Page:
Table 9: Whether exit was peaceful and orderly.

Frequency Percent Valid Percent Cumulative Percent
Quite impressive 9 75 75 75
Excellently impressive 3 25 25 100
12 100 100  0

Results and Findings (Qualitative)

Although the participant observers visited both the Genesis Cinemas at Maryland and the Silverbird Cinemas on Awolowo Road, both in Ikeja, the offerings were about the same. However, the movie experience at Silverbird was more exciting and engaging; as a result, the account on the visit to Silverbird Cinemas shall be presented under this section.

Not only is the Silverbird Cinemas located within the Ikeja shopping mall a fascinating structure to behold on the outside, its true glitter and allure takes over once one step into the facility. This particular multiplex comprises five cinema halls. On the day and time of observation, Hall 1 was offering a movie titled “Tomb Raider” which stars Alicia Vikander. Another film “Pacific Rim,” was showing in Hall 2; while Hall 4 offered the Nigerian film “Bound” by Lillian Afegbai. A film by the Nigerian comedian, Owen Gee titled ‘‘200 million” was showing in Cinema Hall 4. Black Panther, the preferred film for this study was up for screening in Hall 3. Beside the cinema halls was a very cozy relaxation center, on the left side of the main lobby. This spot was serving meals, snacks and refreshments to guests. It also served as a luxurious waiting area in-between films or prior to the commencement of screening. Intermittently, announcements were made on the movies for the day. These facilities, services and the general ambience succeeded in relaxing, refreshing and building up film-goers’ expectation of the movie to be shown ahead. The ticketing area was manned by two male employees. They politely took time to explain the price differences. Adults were admitted upon the payment of N=2,500 per person. Students with their identity cards were allowed to watch a film for N=1,000,00. At the time of observation there was an on-going promotional activity by Pepsi. Film goers were required to buy a bottle of Pepsi which qualified them for a raffle in which a number of guests would with free tickets to see the movie of their choice.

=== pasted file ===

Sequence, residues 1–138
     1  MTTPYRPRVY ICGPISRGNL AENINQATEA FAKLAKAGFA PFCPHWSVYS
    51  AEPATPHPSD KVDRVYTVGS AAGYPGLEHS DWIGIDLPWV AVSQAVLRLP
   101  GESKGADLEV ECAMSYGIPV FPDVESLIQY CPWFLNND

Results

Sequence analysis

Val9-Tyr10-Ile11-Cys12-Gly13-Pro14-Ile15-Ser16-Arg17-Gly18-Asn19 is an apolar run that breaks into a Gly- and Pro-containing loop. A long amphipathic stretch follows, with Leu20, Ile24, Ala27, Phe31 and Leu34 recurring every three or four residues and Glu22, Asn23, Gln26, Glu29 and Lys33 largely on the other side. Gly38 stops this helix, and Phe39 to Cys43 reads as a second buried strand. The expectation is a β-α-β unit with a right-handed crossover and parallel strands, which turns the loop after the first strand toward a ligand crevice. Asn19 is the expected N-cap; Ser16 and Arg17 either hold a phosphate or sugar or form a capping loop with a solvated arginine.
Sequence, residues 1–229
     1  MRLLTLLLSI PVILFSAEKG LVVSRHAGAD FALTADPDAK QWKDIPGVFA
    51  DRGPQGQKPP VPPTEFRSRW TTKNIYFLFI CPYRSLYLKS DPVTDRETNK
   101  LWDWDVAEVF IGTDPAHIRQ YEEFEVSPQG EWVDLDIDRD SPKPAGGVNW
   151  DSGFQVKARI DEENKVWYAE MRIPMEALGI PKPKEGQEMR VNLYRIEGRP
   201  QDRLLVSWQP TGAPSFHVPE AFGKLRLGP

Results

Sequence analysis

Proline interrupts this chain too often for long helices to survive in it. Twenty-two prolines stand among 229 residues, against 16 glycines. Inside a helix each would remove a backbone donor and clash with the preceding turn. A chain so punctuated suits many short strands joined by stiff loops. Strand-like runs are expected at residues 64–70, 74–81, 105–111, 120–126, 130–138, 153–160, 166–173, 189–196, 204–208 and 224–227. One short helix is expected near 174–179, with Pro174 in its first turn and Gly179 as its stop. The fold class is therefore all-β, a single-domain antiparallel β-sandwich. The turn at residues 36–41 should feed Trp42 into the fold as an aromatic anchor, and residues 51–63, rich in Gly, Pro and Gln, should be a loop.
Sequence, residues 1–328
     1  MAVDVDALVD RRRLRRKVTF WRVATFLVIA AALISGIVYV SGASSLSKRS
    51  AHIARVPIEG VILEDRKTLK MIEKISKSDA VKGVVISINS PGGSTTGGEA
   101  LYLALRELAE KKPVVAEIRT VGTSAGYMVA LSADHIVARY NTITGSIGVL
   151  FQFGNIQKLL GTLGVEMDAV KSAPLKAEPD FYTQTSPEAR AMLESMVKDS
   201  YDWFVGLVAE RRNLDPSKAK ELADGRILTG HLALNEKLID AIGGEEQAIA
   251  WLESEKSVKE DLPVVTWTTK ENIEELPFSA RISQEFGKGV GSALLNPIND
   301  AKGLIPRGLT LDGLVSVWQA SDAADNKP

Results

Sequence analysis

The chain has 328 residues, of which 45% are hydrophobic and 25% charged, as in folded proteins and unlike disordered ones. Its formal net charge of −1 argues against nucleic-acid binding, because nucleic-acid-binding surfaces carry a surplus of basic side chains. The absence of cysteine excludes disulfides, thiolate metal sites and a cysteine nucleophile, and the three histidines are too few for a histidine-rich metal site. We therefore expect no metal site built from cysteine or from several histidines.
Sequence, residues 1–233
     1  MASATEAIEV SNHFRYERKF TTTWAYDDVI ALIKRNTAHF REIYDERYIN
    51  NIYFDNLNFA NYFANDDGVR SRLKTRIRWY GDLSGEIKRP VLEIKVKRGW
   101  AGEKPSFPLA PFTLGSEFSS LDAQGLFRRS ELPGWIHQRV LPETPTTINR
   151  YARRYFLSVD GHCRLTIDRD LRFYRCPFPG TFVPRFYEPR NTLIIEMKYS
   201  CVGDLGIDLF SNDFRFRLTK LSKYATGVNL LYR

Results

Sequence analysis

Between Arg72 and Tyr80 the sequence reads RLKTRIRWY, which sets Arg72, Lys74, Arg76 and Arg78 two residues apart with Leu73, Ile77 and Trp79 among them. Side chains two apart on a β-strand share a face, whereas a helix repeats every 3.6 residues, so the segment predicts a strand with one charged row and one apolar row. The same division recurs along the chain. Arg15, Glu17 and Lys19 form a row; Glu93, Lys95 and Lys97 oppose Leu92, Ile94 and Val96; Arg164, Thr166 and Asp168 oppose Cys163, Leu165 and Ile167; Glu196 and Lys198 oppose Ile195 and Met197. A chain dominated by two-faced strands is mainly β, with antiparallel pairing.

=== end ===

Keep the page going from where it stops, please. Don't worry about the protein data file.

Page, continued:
Cinema Hall 3, where “Black Panther” was screened has a large auditorium with a seating capacity of over 500. The space was clean, and air conditioned for maximum comfort. A massive, larger than life picture screen was located right in front of the audience. In contrast, a digital cinema projector was fitted at the back of the hall, well above the heads of all seated. State of the art speakers boomed with well-filtered sound, giving the “sorround” effect. As soon as the lights went, out and the film started, it was as if the audience was transported to a place beyond this world. The images were gigantic, the colours rich and the movements amazing. When this combined with sound output, the feeling was unimaginable.

With this fascinating feeling the audience was welcomed to the film proper. “Black Panther” presented an exciting story to an enthusiastic- and engrossed audience. T’ chaka, king of Wikanda (an imaginary African country) is killed by Holmulzemo. This compels his son T’Challa to return home in order to occupy the vacant throne. His first assignment is to free his exlover- Nakia who was working as an undercover agent in the sambisa forest, Nigeria. In order to accomplish this, he teams up Okoye, leader of Dora Milaje.